Supporters of about 120 detainees held in a Brisbane hotel hope to escalate their protests over the weekend and have vowed to block access.
A blockade at a Brisbane hotel will ramp up over the weekend, supporters of detained asylum seekers have vowed.
A small group of die-hard protesters blockaded the Brisbane hotel on Friday, accusing the government of seeking to silence detained asylum seekers by moving them.
Supporters of about 120 detainees are vowing to mass in the exits to prevent access to the Kangaroo Point Central Hotel.
Two people were charged on Friday evening after a night-time operation to prevent the removal of asylum seekers from the hotel. The man and woman are accused of jumping on the roofs of parked cars during the operation, during which people used cars to block the hotel driveways to prevent any of the 120 detainees from being moved.
Protesters were seen screaming at police about the detention of 120 men housed at the hotel and were seen searching trucks and other vehicles leaving the hotel precinct to ensure no asylum seekers were inside.
Protest numbers dwindled throughout the day, with 20 to 30 people on site according to police but organisers are hopeful of a strong turnout on Saturday.
Protesters claim authorities are intent on relocating asylum seekers who've been in long-term detention at the hotel and have staged a series of balcony protests.
Brisbane City Greens councillor Jonathan Sri says protesters will continue their blockade into Saturday when a large rally is planned outside the hotel despite coronavirus warnings by the premier.
"I think if the premier is comfortable opening up schools and shopping malls then a few people spaced out on a road is probably not that high a risk," Mr Sri told AAP on Friday.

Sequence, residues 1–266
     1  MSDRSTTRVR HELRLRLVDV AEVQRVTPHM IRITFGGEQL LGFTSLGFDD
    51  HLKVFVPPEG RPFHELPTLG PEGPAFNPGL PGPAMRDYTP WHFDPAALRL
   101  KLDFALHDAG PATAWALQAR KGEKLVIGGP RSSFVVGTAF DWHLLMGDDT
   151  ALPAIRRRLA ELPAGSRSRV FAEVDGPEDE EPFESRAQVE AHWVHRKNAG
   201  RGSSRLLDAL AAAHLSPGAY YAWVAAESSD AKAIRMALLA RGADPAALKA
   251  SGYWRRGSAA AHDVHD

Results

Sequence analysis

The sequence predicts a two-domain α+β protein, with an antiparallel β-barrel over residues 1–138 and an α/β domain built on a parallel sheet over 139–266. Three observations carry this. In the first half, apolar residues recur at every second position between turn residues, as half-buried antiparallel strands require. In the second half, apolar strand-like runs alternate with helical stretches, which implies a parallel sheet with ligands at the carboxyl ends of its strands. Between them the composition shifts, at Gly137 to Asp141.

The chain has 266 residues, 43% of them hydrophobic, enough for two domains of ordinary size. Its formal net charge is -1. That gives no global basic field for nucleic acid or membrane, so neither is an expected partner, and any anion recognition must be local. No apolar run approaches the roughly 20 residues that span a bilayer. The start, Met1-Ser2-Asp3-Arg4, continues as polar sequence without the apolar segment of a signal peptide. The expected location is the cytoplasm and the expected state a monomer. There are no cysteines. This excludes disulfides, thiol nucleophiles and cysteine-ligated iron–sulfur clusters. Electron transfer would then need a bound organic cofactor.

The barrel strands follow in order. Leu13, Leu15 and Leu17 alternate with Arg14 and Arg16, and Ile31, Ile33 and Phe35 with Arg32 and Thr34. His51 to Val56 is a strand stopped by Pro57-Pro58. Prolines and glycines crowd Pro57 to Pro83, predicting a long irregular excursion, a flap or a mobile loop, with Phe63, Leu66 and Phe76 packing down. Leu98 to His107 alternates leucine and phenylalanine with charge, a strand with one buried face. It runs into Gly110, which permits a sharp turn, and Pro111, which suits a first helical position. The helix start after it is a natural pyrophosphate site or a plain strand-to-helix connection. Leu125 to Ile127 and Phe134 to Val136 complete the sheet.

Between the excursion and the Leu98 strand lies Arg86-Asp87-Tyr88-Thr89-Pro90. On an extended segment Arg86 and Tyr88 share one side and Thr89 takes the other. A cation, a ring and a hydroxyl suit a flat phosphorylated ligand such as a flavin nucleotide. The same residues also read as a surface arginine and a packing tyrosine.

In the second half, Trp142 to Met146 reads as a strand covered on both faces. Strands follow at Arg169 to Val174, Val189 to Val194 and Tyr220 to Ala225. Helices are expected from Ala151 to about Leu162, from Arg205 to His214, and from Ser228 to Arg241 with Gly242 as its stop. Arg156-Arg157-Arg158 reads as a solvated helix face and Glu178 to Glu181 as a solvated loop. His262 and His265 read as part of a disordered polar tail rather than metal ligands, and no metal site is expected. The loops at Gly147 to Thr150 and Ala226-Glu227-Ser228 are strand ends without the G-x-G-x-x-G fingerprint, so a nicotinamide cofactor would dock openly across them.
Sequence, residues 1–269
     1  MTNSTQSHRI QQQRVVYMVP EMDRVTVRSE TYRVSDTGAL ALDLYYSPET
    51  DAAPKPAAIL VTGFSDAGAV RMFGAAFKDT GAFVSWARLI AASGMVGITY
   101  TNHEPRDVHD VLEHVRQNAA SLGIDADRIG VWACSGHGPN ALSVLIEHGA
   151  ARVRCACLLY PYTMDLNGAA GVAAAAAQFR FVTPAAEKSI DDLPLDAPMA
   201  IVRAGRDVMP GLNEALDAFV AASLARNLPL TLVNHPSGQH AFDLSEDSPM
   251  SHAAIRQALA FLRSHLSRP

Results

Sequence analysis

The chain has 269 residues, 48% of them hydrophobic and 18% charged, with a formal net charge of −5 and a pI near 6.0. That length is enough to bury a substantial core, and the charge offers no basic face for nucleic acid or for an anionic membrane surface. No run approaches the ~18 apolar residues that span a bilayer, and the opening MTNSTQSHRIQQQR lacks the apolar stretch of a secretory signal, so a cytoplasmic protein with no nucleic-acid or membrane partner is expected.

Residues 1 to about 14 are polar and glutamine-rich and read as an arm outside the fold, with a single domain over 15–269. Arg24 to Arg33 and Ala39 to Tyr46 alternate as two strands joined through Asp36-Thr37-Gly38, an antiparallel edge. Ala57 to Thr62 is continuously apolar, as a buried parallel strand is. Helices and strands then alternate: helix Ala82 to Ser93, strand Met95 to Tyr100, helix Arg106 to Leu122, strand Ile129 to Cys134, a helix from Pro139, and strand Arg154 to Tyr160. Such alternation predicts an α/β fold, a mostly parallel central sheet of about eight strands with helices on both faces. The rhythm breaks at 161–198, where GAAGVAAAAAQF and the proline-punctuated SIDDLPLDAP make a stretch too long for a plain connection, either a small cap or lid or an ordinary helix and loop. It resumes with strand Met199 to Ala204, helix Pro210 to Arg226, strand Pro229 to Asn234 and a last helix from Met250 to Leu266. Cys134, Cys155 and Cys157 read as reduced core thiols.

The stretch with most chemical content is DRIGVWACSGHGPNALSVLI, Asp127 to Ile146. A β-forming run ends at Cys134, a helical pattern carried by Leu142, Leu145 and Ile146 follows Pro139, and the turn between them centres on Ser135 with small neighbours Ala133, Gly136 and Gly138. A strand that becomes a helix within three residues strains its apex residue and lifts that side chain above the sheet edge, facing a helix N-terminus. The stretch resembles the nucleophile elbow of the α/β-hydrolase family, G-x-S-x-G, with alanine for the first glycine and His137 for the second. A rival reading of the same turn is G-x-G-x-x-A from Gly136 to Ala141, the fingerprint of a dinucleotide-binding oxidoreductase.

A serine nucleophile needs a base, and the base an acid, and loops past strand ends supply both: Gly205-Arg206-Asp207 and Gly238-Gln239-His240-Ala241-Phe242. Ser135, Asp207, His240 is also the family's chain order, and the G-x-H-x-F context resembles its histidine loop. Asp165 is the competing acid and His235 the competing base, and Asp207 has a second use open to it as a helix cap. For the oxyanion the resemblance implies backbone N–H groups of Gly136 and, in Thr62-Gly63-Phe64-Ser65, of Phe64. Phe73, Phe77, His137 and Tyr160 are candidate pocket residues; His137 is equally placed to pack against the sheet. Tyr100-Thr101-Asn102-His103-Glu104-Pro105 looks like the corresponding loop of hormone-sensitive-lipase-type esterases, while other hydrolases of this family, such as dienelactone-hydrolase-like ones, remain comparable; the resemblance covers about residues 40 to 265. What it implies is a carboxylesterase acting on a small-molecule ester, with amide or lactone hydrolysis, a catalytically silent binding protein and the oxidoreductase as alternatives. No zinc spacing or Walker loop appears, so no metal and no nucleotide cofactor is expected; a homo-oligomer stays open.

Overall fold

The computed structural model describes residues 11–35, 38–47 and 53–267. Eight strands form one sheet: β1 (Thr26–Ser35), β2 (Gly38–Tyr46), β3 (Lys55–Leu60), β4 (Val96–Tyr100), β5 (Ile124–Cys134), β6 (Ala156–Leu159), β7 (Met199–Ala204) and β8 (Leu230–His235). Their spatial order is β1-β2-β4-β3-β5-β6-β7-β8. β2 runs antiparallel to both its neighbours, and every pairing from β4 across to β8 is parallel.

"The bigger risk is the mental health of people in detention."
Premier Annastacia Palaszczuk has warned people should not attend Saturday's free-the-refugees rally due to coronavirus fears.
Refugee Solidarity Brisbane/Meanjin supporters have been filming their interactions with police and uploading footage on Facebook, calling for as many people as possible to go to the hotel.
"We need as many people to get here as soon as possible. This is an urgent call to action," a woman who posted the video on the group's Facebook page said.
"Cops have rocked up, they are planning to detain people. They've already detained two people. We really need people power right now.
"We're not going anywhere. We're going to hold this fort until, hopefully, for another week's time."
One detainee at the Brisbane hotel told the ABC the protesters intervened physically to prevent his transfer to the Brisbane Immigration Transit Accommodation Centre at Pinkenba on Thursday night.
The man, identified only as Farhad, said he was told to pack his things because he was to be moved.
When he asked why he was being transferred, he said he was told it was because protesters had mentioned his name.
"I prepared and packed everything. These protesters, they jump in and stop the car (from) taking me back," he said on Friday.
Farhad believes authorities will try to move him again and that he's being singled out because he's spoken to the media about the situation he and about 120 others are in.
"It was just me. I do believe the reason is in my case being outspoken and talking to the media, and trying to show what is the reality of this system and how we get treated."